How do different countries celebrate birthdays? The variety is endless, and the world will never want for either whimsical or sinister birthday traditions. Some, like the Danish custom of cake decapitation, are a bit more jovial than others. The Indian ritual of tossing one's newborn off the roof of a temple, on the other hand, straddles the fine line between celebrating birth and hurling new life headlong into death.
Whether your own preferred mode of celebration is morbid, traditional, or Scrooge-like and non-existent, read on to learn more about some of the world's sometimes funny and sometimes scary international birthday traditions.
In Switzerland, A Clown Stalks You All Day Long
The trope of the sinister birthday clown is a common one, but one particularly enterprising visionary in Lucerne is well on his way to establishing a new tradition: the stalking Bozo. The clown's ominous presence is designed to generate the kind of built-up excitement generally only associated with the final countdown to Christmas morning.
For a fee, Dominic Deville will pseudo-terrorize your child (in the form of "menacing" phone calls, texts, and letters) for the week leading up to their birthday. Then, on the day itself, he'll show up in person and smash a cake into their face.
Don't worry: as macabre as it sounds on paper, it's all in good fun, more in the spirit of a good-natured Halloween prank. And parents can always call it off if their kid gets too freaked out, but apparently most kids "love it" according to Deville.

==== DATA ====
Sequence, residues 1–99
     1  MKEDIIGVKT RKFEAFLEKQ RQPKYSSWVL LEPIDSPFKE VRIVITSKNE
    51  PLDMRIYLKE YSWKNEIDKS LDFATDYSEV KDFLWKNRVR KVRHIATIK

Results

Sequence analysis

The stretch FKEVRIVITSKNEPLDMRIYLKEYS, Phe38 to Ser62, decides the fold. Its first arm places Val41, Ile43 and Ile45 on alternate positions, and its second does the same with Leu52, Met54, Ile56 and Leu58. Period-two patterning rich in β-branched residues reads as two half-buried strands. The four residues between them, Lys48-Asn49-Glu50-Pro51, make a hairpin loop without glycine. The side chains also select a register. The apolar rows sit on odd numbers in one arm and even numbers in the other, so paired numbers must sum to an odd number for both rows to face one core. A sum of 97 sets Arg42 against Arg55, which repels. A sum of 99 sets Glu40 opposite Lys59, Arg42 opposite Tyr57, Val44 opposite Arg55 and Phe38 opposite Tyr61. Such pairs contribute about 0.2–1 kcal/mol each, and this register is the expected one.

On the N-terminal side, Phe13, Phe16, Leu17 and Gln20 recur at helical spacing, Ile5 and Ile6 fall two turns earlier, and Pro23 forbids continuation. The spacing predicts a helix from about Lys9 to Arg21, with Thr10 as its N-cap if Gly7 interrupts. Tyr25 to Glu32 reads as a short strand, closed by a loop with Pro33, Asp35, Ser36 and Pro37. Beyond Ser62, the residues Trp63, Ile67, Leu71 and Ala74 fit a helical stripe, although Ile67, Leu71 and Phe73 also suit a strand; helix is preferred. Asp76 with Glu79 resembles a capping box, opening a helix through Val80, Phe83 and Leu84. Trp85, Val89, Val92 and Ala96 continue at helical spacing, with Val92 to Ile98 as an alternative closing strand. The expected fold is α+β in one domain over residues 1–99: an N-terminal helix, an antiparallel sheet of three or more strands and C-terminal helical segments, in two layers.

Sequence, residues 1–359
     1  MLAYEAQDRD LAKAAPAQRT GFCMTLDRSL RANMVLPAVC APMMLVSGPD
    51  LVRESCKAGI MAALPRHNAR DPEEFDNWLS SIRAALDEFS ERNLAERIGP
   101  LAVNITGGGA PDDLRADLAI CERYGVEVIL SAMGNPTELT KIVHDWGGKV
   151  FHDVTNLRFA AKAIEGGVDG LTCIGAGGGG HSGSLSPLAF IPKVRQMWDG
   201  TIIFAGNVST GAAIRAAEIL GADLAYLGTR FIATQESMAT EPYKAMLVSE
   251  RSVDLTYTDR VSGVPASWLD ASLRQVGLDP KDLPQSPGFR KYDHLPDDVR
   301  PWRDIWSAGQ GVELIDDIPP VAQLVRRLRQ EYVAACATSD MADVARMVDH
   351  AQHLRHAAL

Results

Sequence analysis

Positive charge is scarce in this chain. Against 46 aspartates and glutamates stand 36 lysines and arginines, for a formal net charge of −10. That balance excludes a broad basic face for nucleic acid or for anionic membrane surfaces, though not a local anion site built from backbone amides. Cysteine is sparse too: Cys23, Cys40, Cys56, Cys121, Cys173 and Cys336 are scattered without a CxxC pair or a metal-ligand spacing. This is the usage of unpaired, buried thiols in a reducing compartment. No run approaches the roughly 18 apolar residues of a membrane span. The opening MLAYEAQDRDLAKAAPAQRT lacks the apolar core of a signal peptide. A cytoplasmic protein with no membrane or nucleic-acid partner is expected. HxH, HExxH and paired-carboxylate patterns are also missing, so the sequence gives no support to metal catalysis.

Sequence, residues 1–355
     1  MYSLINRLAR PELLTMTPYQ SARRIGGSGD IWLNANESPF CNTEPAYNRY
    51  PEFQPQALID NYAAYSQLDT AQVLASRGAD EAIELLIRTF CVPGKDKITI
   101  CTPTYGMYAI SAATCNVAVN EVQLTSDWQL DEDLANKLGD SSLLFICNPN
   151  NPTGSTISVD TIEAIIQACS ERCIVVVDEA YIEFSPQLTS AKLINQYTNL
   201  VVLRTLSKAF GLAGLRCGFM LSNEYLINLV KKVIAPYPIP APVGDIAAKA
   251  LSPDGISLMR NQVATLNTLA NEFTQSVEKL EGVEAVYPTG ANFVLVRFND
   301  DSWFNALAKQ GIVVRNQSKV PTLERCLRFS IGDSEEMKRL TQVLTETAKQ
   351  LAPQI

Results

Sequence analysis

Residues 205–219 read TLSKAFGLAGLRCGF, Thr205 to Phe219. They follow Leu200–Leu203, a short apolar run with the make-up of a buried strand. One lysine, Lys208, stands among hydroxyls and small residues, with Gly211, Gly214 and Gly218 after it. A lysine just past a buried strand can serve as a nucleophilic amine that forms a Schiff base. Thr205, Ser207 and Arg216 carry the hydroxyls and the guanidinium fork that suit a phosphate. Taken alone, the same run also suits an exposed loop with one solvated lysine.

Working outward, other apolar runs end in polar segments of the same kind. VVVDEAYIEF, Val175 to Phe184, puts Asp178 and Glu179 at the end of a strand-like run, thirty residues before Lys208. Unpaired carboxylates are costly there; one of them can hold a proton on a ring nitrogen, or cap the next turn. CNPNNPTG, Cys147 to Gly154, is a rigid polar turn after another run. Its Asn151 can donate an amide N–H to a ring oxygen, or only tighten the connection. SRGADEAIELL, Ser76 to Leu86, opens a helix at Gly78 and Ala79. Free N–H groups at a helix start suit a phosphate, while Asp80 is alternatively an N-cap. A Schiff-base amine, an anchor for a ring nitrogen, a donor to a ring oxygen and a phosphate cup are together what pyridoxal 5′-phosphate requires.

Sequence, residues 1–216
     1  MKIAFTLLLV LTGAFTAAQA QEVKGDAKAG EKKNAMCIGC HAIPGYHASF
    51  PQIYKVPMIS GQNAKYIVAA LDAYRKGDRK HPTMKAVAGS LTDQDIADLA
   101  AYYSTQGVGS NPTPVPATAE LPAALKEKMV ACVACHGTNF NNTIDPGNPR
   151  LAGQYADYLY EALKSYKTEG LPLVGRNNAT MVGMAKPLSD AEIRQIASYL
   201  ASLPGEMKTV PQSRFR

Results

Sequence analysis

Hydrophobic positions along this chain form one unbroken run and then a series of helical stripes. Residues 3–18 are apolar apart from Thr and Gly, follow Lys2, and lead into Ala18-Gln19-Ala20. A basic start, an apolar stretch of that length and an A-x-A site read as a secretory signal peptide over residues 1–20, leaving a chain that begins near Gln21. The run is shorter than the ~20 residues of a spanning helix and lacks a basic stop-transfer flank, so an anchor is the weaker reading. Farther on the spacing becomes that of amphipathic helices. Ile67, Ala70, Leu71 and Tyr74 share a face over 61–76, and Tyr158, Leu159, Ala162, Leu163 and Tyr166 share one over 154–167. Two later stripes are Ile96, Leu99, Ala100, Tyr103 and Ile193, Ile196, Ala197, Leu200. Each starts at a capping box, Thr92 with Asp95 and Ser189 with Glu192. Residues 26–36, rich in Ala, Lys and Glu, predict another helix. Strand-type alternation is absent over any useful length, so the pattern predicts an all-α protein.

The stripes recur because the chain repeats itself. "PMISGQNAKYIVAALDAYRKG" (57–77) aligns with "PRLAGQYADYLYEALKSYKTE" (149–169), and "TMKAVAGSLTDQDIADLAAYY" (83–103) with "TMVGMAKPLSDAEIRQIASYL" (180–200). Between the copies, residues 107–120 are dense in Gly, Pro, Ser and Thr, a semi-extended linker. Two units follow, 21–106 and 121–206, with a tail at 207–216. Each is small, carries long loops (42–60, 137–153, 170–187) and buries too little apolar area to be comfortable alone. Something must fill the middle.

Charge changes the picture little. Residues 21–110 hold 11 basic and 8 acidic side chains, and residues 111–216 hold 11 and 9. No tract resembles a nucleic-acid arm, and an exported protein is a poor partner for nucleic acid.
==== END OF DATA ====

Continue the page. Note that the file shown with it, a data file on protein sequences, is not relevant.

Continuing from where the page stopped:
In Denmark, Your Cake Is Beheaded
Horrifying cakes featuring severed or otherwise compromised heads are nothing new. But the quaintly gruesome Danish custom of beheading anthropomorphic pastries may very well take the cake. The ritual involves a gingerbread man-like confection being ritually decapitated at the end of a long series of games and revelries.
The head is then ceremonially presented to the birthday child, and the birthday guests are given the body to eat and/or dismember as they wish. It's kind of like a combination of a zombie coming-of-age ceremony and the sacrifice in The Wicker Man.
In One Papua New Guinea Tribe, You're Taken Away At Seven, And Spend The Next 10 Years In Hell
For most kids, turning seven is a joyous occasion that involves ice cream, cake, games, presents, and general merrymaking. But for children of the Sambia Tribe of Papua, New Guinea, things take a decidedly more... intense turn.
Boys are taken from their families on their seventh birthdays and ensconced ("imprisoned" might be a more accurate word) in an all-male hut for the next ten years of their life. During this period they engage heavily in nose bleeding, forced vomiting and defecation (by way of sugarcane), and forced semen ingestion (at the hands of adult men) in order to rid themselves of impurities and become men.
This, of course, would be child abuse anywhere else.
In Russia, Ghosts Return Stolen Objects To You On Your Birthday
In certain parts of Russia, birthdays aren't just about gifts. Sometimes, they're about objects you already own being wrapped up (by ghosts) and presented to you as new offerings. It's customary for Russian spirits to confiscate the possessions of misbehaving children or family members, but if the person is good all year long, the possibility those possessions will be returned to them on the week of their birthday increases.
The fun is therefore all in the mystery: the child has to guess which brightly wrapped packages contain new toys, and which contain old toys recently in the possession of malevolent spirits.